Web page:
the exceptions which have been carved out in the decision in Lalita Kumari.
The investigation, it has been urged, would commence only thereafter having
due regard to the provisions contained in Section 154 of the CrPC.
11 On the other hand, while supporting the view which has been taken
by the learned Single Judge of the High Court, Mr. Basava Prabhu Patil,
learned Senior Counsel appearing for the respondent, submits that (i) in the
present case the investigation had commenced before the registration of an
FIR under Section 154 of the CrPC. The events which transpired before 16
November 2012 before the FIR was registered and the collection of material
would be inadmissible in evidence; (ii) while the decision of the Constitution
Bench in Lalita Kumari allows a preliminary inquiry particularly in a case
involving corruption under the Prevention of Corruption Act, the Trial Court
erred in inferring from the decision of this Court that the investigating officer
is entitled to collect evidence even before the FIR is lodged; (iii) there is
nothing to indicate, even the existence of an entry in the Station Diary; (iv) in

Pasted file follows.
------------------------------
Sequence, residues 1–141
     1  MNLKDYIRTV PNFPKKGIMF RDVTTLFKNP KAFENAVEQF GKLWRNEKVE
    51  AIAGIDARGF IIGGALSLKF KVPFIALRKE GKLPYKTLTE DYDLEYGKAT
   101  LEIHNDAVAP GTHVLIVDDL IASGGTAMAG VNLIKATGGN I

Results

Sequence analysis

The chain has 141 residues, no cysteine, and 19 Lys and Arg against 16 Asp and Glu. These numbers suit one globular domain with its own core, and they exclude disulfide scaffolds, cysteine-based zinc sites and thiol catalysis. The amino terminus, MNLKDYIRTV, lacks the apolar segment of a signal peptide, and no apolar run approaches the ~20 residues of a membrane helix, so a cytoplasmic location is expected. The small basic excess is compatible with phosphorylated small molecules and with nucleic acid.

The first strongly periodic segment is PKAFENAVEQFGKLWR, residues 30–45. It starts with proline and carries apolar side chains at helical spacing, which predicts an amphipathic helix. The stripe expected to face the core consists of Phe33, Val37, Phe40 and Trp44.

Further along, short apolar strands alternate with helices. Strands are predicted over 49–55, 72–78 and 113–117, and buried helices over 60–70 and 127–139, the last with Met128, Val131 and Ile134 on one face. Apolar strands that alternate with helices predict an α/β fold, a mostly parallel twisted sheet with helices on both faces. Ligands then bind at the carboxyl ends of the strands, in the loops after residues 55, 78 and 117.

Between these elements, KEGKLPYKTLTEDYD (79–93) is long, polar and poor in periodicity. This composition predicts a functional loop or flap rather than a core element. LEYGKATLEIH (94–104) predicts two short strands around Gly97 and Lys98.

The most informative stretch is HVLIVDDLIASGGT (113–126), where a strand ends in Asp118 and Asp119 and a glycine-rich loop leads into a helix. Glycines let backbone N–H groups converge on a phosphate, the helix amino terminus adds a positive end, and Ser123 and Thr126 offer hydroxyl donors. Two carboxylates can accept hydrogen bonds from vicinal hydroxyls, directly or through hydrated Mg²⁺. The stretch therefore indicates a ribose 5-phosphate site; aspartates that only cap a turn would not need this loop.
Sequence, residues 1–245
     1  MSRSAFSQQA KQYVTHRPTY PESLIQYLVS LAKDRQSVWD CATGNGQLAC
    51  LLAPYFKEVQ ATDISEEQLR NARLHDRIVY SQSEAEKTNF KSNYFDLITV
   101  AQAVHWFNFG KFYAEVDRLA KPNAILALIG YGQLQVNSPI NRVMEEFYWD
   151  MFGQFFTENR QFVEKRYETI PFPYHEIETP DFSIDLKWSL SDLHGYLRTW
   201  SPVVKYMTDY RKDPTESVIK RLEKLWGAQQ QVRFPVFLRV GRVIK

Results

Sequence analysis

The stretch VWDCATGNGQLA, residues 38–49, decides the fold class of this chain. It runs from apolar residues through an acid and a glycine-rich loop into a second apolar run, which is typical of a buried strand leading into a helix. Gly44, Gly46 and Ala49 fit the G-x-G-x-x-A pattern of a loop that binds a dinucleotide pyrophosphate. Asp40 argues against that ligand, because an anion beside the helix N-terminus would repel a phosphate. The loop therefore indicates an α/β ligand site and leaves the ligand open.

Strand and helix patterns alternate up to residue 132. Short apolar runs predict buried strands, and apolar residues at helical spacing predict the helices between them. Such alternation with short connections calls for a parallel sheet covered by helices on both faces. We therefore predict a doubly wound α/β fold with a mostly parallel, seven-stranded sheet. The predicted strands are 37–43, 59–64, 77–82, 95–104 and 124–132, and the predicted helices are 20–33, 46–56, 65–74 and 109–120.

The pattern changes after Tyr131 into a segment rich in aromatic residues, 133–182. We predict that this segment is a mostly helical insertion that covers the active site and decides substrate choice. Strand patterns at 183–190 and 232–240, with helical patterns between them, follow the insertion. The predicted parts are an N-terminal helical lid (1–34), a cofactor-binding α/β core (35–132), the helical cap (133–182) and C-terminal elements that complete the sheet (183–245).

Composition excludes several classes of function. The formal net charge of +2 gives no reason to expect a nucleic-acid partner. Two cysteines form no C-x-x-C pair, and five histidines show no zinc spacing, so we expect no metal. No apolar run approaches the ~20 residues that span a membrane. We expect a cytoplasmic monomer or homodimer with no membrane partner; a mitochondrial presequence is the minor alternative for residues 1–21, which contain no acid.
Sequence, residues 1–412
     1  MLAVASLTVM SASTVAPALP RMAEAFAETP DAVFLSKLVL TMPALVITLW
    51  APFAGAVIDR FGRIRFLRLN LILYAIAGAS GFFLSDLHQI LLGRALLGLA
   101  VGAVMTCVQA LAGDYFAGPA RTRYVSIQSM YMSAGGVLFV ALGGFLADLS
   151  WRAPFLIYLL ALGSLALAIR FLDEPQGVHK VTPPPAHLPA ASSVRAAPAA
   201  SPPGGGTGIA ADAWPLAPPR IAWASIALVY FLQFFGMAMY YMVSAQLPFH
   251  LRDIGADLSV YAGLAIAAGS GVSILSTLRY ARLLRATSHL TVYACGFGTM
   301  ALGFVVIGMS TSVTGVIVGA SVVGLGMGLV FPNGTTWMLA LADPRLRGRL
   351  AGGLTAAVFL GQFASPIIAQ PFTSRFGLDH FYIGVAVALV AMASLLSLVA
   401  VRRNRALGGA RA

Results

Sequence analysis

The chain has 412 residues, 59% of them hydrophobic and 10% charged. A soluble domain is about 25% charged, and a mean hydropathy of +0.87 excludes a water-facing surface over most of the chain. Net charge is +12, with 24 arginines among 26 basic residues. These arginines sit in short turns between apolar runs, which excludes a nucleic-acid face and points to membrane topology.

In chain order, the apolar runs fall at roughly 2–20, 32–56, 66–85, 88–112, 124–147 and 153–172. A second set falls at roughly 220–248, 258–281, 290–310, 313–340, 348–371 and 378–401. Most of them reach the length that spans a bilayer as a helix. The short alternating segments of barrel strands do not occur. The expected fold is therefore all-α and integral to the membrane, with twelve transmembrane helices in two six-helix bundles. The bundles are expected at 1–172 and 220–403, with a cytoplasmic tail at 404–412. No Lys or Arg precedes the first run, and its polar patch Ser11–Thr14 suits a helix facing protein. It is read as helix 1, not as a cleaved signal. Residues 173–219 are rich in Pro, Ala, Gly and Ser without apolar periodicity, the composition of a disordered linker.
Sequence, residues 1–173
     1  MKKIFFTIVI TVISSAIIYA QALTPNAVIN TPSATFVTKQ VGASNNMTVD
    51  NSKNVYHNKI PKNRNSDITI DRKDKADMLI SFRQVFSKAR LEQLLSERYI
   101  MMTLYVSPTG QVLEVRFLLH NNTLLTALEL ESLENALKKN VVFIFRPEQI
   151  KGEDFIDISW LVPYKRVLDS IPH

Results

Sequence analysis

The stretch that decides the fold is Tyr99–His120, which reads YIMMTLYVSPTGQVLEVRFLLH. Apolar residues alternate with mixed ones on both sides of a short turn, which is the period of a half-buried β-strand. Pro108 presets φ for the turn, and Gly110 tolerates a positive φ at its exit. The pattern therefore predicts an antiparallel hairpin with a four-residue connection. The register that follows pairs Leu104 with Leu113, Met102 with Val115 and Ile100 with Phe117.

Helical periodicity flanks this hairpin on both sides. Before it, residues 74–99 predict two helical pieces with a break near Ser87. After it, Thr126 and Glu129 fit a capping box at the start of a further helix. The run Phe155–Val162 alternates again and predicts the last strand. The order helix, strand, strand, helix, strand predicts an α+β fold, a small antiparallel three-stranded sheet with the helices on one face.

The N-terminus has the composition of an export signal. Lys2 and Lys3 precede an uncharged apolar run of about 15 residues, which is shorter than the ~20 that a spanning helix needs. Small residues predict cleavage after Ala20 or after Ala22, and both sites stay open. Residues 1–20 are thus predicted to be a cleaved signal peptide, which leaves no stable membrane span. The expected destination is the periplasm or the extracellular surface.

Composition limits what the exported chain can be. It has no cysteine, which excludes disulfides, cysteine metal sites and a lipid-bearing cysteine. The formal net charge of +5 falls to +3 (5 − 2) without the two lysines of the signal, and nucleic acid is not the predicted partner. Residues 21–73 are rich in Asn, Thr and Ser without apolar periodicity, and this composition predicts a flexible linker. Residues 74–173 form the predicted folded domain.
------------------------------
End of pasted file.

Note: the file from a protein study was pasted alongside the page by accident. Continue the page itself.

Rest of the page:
consequence, the decision of the trial court was inconsistent with the
principle enunciated in Lalita Kumari, which warranted interference by the
High Court in exercise of its jurisdiction under Section 482 of the CrPC; (v)
as a matter of fact the trial against the second accused has proceeded and
4 (2014) 2 SCC 1
6
despite a lapse of seven years the prosecution has failed to produce a copy
of the certificate under Section 65B of the Evidence Act; and (vi) in the
absence of a certificate under Section 65B, there is an absence of material
hence a discharge is warranted under Section 231 of the CrPC.
12 These submissions fall for consideration.
13 The fundamental basis on which the High Court proceeded to quash
the proceedings is its hypothesis that Section 65B, which requires the
production of a certificate for leading secondary evidence of an electronic
record mandate the production of such a certificate at this stage in the
absence of which, the case of the prosecution is liable to fail. Section 65B
reads as follows :
“Section 65(B). Admissibility of Electronic Records-
(1) Notwithstanding anything contained in this Act, any
information contained in an electronic record which is printed